Careful monitoring of patients throughout the duration of chimeric antigen receptor (CAR)-T cell therapy, including their laboratory profiles, helps guide and refine clinical management—from preparing and considering potential candidates to monitoring the long-term recovery of those who receive this powerful new therapy. Two CAR-T cell products, tisagenlecleucel and axicabtagene ciloleucel, have been approved by the Food and Drug Administration (FDA) and are quickly becoming mainstays in hematologic and oncologic treatment strategies. This minireview considers CAR-T cell therapy from the perspective of clinical laboratories, with the goal of empowering clinical laboratorians with information so that patients receive optimal care regardless of clinical setting.
The Role of Laboratories Before CAR-T Cell Infusion
Collecting source material is critical to the CAR-T cell manufacturing process. Since CAR-T cells are autologous, i.e. the donor is also the recipient, patients must be evaluated carefully before they become candidates for CAR-T cell therapy and cellular collection by apheresis. In the case of tisagenlecleucel, patients must stop certain treatments, including allogeneic therapies and immunosuppressants, for up to 12 weeks before apheresis collection. Monitoring hematologic parameters or immunosuppressant levels in the blood may be necessary to ensure patients are adequately prepared leading up to cellular collection and continued during treatment to adjust their therapy as needed to maintain their health status (7).
Although most cellular collections are successful, certain laboratory parameters are crucial to determine whether a patient can proceed with collection. There must be enough T cells in the peripheral blood to be collected, as measured by absolute lymphocyte count and/or peripheral blood CD3 counts. After collection, cells must be prepared and transported for manufacturing, either in-house where the cells were collected and the patient will be infused, or at an external central manufacturing facility, the typical model for most sites (8).
Many important considerations for product preparation and transport center on the safety of both patient and product. Labs must use special handling for any product that requires cryopreservation before the product gets packaged and shipped. This includes performing cell counts on a hematology analyzer, characterizing the cellular composition by flow cytometry, adding cryoprotectant and proper labeling, and checking both patient and product identification multiple times (8).
During manufacturing, which can take 2 weeks, patients need clinical monitoring to ensure that they remain stable until the CAR-T cells can be infused. The manufacturing process is typically monitored by release testing, which helps ensure product safety, purity, and potency. Laboratory assessment typically includes product composition by flow cytometric characterization of CAR-T cells; product sterility by microbial culture and testing for endotoxin and mycoplasma contamination; and functional assays to assess in vitro cytotoxic function and activation (9).
Once manufacturing is complete and testing has confirmed that the product can be released for use, the product is then frozen, shipped back to the infusion site, and stored in a cellular therapy laboratory until the patient is ready for product infusion.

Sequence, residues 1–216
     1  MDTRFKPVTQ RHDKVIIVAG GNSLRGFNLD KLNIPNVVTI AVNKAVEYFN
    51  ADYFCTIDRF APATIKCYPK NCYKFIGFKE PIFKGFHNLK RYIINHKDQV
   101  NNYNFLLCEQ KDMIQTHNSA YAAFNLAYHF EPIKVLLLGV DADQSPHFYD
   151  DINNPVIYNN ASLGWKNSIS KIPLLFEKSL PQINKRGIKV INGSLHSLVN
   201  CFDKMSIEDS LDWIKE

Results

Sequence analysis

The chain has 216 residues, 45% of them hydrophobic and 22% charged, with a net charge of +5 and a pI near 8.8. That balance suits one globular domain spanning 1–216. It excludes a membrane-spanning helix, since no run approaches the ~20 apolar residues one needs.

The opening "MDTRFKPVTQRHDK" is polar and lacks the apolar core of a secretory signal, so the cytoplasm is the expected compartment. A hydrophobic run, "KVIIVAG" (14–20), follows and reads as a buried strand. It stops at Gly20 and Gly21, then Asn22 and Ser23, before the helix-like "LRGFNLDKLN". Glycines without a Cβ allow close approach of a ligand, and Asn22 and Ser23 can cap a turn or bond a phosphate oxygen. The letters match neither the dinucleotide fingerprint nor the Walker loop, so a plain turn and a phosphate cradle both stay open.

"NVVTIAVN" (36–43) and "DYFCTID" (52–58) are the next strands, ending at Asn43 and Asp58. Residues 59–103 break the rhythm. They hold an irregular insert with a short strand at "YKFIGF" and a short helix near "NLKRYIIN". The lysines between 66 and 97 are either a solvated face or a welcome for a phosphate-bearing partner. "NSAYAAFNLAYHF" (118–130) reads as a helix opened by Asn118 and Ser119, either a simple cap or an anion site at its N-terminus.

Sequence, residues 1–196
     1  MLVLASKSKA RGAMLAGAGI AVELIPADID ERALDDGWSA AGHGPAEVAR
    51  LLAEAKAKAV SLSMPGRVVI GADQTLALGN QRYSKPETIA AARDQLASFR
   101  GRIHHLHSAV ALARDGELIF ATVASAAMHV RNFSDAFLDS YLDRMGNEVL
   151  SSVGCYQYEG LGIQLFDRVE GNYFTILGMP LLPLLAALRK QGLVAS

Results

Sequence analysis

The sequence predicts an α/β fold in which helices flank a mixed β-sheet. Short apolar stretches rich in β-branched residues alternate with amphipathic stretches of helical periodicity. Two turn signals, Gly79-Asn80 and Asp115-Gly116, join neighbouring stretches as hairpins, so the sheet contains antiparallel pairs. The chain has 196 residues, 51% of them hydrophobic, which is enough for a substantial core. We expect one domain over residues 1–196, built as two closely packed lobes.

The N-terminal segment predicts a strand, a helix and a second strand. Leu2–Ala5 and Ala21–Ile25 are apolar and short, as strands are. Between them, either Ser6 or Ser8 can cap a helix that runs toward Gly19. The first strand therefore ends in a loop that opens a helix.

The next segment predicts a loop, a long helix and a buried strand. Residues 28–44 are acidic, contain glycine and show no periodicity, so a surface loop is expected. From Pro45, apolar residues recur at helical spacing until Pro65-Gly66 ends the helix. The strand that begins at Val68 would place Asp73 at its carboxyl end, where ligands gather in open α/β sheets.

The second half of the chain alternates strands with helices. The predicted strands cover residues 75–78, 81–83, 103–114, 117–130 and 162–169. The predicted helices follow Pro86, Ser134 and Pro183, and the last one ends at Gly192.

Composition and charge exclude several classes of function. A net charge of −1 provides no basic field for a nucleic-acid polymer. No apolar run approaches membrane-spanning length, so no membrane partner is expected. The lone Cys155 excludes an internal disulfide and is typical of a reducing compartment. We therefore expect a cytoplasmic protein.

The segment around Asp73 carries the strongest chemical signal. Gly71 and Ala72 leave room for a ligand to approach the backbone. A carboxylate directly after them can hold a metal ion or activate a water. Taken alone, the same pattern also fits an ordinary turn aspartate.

After CAR-T Cell Infusion
After a patient has been infused with CAR-T cell product, the T cells ideally recognize their target antigen, activate, and begin to proliferate and exert anti-tumor effects. Response to therapy can be monitored by detecting malignant cells. The clinical lab examines peripheral blood or other potentially affected tissues by standard means such as examining peripheral blood smears for morphology and/or using flow cytometry to detect malignant cells by protein expression (7).
Detecting CAR-T cells themselves is not as straightforward. CAR-T cells can exhibit atypical morphologic features, and methods to detect the CAR protein itself are not commercially available. In addition, the potential customization of CAR proteins prohibits at this time development of any single assay to detect CAR-T cells (2).
Patients can exhibit expected and unexpected effects from CAR-T cell therapy infusion. A well-characterized and potentially serious adverse effect is cytokine release syndrome (CRS). Characterized by high fever, organ dysfunction, hypotension, and increasing oxygen requirements, CRS ranges from mild to life-threatening and is attributed to extremely high levels of cytokines, specifically interleukin 6 (IL-6) (10, 11).
The American Society for Transplantation and Cellular Therapy (ASTCT) recently published guidelines for defining and grading CRS. While certain aspects of CRS are almost certainly determined by laboratory values, such as transaminitis and other signs of organ dysfunction, laboratory parameters are not included as factors to determine the presence or severity of CRS. Some tests, such as serum IL-6 quantitation, are not widely available, which translates into a long turnaround time since they must be sent out. The nonspecific nature of other lab parameters that might be altered during the course of CRS—such as ferritin and C-reactive protein—as well as the potential lag time between symptoms and altered lab values, support treating patients empirically based off their clinical presentation.
Neurotoxicity, also called immune effector cell-associated neurotoxicity syndrome, is another adverse effect of CAR-T cell infusion and can present with neurological symptoms such as encephalopathy, agitation, delirium, and seizures (10). Laboratory evaluations currently do not aid in characterizing neurotoxicity. The ASTCT encouraged continued exploration of potentially useful laboratory characterization of patients who demonstrate clinical signs and symptoms of adverse events from CAR-T cell therapy (10). Additional laboratory characterization of patients who experience adverse effects from CAR-T cells could help inform the larger community about laboratory testing that has diagnostic, therapeutic, or prognostic potential for CRS and neurotoxicity.